Remarkably, they were able to avert the danger and prevent Bath from scoring. By the end of the match, Cambridge led 3-2 thanks to goals by Veith and Hartung. This was all at risk in the last minute of the match, when instead of using the time in their interest, the team rushed to attack and unnecessarily lost possession of the ball. Trying to stop this, coach Zuehlsdorff screamed his head off in vain on the sideline. Luckily, nothing changed with respect to the score, although the thrill added an extra level of excitement to the match. Instead, the team secured the third win of the tournament and achieved an impressive third place. 

The men’s team cleared the group stages of the Nationals without breaking a sweat. A reality check came in the last-16, when they won against Kent (9-7), a side that had poor attack and a weak defence, but most of the chances for Cambridge ended in near-misses. GDBO were waiting in quarter finals, coming into the game as reigning Varsity champions. Every time the teams had met, Oxford had won by a slim margin. With a barrage of Cambridge shots from the get-go, the boys seemed up for the challenge. Cambridge heavy-hitters Dan Bode and Ignacio Vázquez dismantled the timid Oxford attack, with the matador Alejandro García widening the gap and putting the nail in the coffin with his 9-metre slapshots to take the score to 13-6. For the first time, Oxford had nothing to write home about.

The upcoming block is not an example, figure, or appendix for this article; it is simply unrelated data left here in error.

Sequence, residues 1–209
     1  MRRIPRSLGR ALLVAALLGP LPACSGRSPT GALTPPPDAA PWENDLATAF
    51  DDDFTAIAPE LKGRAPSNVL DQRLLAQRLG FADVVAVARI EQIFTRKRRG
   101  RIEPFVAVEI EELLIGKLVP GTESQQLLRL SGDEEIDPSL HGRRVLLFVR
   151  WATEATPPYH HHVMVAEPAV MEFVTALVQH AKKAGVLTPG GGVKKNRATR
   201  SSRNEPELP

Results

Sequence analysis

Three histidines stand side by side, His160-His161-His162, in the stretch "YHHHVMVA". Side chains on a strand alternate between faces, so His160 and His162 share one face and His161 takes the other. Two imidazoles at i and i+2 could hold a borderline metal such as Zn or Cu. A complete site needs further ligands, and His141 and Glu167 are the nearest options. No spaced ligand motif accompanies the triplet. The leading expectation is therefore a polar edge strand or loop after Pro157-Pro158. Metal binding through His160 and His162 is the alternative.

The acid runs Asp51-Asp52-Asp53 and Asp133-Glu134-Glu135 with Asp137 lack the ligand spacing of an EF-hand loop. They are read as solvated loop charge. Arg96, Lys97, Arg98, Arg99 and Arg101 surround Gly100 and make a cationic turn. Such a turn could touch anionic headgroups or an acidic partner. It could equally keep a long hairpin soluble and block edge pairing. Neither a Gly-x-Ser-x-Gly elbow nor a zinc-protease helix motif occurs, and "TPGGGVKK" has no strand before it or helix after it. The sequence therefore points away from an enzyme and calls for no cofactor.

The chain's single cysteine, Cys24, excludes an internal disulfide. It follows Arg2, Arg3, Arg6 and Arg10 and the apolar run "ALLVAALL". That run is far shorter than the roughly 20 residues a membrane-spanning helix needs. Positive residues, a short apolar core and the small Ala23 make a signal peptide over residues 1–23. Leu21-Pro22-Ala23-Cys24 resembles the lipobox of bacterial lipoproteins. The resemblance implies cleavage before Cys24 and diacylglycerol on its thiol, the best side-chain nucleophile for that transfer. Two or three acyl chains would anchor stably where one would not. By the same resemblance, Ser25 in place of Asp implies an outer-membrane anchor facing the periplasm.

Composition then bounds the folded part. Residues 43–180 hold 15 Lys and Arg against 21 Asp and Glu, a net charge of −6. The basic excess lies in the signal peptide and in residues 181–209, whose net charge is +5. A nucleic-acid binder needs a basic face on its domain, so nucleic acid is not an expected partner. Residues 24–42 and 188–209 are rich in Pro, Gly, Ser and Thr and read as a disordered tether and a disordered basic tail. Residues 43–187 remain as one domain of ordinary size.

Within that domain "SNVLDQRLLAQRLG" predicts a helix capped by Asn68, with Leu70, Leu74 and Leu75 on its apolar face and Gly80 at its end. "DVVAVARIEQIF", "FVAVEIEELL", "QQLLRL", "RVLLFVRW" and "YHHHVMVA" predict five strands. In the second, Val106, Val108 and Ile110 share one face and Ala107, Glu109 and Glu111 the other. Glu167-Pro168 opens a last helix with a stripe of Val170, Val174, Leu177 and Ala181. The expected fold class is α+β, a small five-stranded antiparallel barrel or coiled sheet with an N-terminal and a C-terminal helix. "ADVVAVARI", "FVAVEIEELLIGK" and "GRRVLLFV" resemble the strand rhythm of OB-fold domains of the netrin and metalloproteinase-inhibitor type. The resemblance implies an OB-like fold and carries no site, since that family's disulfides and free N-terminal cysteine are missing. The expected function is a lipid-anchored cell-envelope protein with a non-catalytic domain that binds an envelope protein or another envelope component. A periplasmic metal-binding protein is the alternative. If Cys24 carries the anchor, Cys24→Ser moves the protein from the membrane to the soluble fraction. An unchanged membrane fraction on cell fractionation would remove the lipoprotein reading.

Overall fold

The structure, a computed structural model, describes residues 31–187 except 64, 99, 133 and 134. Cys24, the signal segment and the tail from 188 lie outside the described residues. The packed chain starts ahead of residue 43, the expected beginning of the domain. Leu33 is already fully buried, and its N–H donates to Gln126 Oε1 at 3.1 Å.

The tightest and most spectacular match of the competition was yet to come against Cranfield in the semi-finals. Cranfield did not lose any time in showing what they were capable of and put up a fight from the start. On Cambridge’s first attack, Cranfield's left winger intercepted the ball and ran towards Cambridge’s goal without opposition. There he faced the Cambridge goalkeeper Kerberos Klos, who pulled off a magnificent stop, the first of many incredible feats he accomplished during the match. Nonetheless, Cranfield secured a one-goal lead for most of the first half. Thankfully, Cambridge managed to score in the very last seconds, equalising to 5-5.

Oxford crashing against Cambridge's equanimous defenceAi Fujita Fryett

Boosted by this comeback, Cambridge emerged from the half-time break ready to kick on, their well-oiled defensive machinery running at full power and launching devastating fast-breaks. Four minutes before the final whistle, Klos saved a penalty which proved to be the decisive moment of the game as Cambridge scored in the following attack, achieving a three-point lead for the first time. Seeing their chances to reach the final slipping away, the Cranfield men gave it everything they had. Unfazed, Cambridge kept their cool, with the defence holding fast to ensure that they stayed ahead for a ticket to the final. The team eventually won a clear-cut victory 13-10.

Cambridge had all the pressure on their shoulders as favourites for the final. Bath opened the scoring, but Cambridge's de Bussy-Girard soon equalised. Mid-way through the match, the “Bavarian Bros” Stefan and Florian Ströhl knifed through the Bath defence. The bench lost count of Stefan’s lob shots to the top corner, so beautifully executed that all the teams watching from the sidelines cheered in the crowd (including GDBO). The lads were the undisputed winners of the tournament with a clear victory in the final (13-8), coming home with a clean sweep and a trophy to drink from.